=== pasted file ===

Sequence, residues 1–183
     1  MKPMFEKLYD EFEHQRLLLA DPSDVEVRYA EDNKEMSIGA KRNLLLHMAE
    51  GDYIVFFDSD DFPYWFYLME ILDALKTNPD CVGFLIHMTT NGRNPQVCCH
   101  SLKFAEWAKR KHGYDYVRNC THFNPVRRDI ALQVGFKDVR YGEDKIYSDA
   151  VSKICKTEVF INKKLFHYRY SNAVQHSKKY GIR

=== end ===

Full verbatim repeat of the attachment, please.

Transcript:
Sequence, residues 1–183
     1  MKPMFEKLYD EFEHQRLLLA DPSDVEVRYA EDNKEMSIGA KRNLLLHMAE
    51  GDYIVFFDSD DFPYWFYLME ILDALKTNPD CVGFLIHMTT NGRNPQVCCH
   101  SLKFAEWAKR KHGYDYVRNC THFNPVRRDI ALQVGFKDVR YGEDKIYSDA
   151  VSKICKTEVF INKKLFHYRY SNAVQHSKKY GIR